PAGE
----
On 24th January 2023, the Bishop of Durham asked a question on what forecast the government have made on numbers of people seeking asylum in the UK via safe routes in 2023:
The Lord Bishop of Durham: To ask His Majesty’s Government what forecast they have made of the number of people from Syria, Afghanistan, Eritrea, Iran, and Sudan who will travel to the United Kingdom via a safe route in order to seek asylum in 2023.
Lord Murray of Blidworth (Con): The United Kingdom welcomes vulnerable people in need of protection through our relocation and resettlement schemes. The number of people coming to the UK via safe and legal routes depends on many factors, including local authorities’ capacity to support them and the extent to which community sponsorship continues to thrive. There is no explicit provision within our Immigration Rules for someone to be allowed to travel here to seek asylum or temporary refuge.
The Lord Bishop of Durham: I thank the Minister for that Answer. We know from the latest available numbers that between September 2021 and September 2022, only close to 1,400 people were resettled to the UK through the specific safe routes of resettlement. This figure is 75% lower than in 2019, and the number of family reunion visas issued is 36% below the pre-pandemic figure. As the Minister knows, all the countries referred to in my Question have an asylum grant rate of over 80%, with Afghanistan, Syria and Eritrea sitting at over 97%. The number of individuals claiming asylum from these nations stood at more than 26,500. Now that the Government are deciding admissibility on the basis of arrival, will they establish further safe routes for high grant rate countries such as Sudan, Eritrea, Syria and Iran, to reduce the need for asylum seekers to travel irregularly?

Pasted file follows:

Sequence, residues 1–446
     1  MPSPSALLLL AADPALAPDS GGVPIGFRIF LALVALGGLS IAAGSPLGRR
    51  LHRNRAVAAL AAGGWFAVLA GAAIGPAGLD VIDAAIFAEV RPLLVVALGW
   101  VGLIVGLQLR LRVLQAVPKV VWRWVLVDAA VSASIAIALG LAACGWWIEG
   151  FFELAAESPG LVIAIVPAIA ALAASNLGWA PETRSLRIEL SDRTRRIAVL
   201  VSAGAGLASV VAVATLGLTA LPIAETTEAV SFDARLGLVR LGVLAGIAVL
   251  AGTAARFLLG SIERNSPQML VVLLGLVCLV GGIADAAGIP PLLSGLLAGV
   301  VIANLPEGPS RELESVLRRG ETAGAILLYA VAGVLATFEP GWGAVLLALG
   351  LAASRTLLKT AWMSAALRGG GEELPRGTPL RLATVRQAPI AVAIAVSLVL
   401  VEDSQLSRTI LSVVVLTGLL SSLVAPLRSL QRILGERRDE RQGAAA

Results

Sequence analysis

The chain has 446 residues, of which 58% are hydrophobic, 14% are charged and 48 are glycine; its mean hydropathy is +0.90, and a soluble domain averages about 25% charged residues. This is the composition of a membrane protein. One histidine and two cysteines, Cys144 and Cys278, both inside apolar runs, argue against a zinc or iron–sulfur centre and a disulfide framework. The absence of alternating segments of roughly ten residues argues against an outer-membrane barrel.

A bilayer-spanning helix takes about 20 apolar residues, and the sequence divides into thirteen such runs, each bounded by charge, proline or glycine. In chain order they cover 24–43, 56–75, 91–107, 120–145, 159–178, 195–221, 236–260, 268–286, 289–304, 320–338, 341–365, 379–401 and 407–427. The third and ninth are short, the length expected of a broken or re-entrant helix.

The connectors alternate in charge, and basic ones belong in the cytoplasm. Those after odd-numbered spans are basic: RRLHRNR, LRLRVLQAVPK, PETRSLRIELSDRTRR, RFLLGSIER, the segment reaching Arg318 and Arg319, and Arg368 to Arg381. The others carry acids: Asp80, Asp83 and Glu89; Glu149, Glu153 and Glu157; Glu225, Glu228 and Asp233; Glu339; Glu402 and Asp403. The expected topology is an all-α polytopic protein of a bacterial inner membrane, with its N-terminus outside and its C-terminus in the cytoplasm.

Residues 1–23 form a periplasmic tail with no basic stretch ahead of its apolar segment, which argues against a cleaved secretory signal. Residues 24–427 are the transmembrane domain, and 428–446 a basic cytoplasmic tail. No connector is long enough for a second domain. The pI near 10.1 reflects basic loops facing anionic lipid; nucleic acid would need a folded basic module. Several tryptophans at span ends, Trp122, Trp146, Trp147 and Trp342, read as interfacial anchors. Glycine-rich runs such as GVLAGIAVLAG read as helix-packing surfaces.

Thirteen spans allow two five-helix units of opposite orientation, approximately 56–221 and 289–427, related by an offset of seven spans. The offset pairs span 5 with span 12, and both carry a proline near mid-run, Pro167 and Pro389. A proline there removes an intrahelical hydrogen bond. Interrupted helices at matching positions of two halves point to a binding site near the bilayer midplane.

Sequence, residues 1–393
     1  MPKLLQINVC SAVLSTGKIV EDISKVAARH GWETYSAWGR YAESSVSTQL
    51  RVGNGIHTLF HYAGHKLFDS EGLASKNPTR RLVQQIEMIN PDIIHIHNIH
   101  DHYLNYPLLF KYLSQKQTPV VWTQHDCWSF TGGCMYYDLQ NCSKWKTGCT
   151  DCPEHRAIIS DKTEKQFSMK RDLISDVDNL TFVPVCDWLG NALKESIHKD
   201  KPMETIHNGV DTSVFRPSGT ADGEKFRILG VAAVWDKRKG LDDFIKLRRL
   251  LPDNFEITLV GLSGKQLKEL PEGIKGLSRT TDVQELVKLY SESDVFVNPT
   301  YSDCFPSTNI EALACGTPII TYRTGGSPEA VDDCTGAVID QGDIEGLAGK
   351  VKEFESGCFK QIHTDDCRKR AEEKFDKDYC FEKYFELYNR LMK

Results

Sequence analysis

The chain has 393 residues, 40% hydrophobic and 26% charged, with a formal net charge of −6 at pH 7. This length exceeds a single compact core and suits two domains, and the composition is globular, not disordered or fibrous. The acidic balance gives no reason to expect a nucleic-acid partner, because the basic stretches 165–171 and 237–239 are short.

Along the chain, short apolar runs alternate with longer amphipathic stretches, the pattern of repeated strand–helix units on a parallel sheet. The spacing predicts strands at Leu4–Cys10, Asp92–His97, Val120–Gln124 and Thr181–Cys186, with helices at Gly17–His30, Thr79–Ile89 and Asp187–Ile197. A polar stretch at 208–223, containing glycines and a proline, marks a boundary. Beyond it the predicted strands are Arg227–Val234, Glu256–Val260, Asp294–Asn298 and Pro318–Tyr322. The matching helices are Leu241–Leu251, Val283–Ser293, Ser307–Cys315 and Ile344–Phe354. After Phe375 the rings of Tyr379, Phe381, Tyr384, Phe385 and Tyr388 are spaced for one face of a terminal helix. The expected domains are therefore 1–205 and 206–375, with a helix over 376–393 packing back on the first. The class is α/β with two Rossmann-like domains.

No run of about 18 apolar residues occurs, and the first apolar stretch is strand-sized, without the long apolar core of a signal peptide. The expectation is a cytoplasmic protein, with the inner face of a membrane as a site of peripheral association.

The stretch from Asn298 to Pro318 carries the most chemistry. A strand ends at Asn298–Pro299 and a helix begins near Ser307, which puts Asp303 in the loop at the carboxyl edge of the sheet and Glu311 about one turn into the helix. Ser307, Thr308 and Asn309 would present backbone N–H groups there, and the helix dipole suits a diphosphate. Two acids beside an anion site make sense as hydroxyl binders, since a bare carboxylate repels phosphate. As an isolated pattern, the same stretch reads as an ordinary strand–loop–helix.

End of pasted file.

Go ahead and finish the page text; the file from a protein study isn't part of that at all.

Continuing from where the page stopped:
Lord Murray of Blidworth: The principle is clear in the refugee convention that people claiming asylum need to be in the country in which they seek refuge, having come directly from that country. While we sympathise with people in many difficult situations around the world, we are not bound to consider asylum claims from the large numbers of people overseas who might like to come here.
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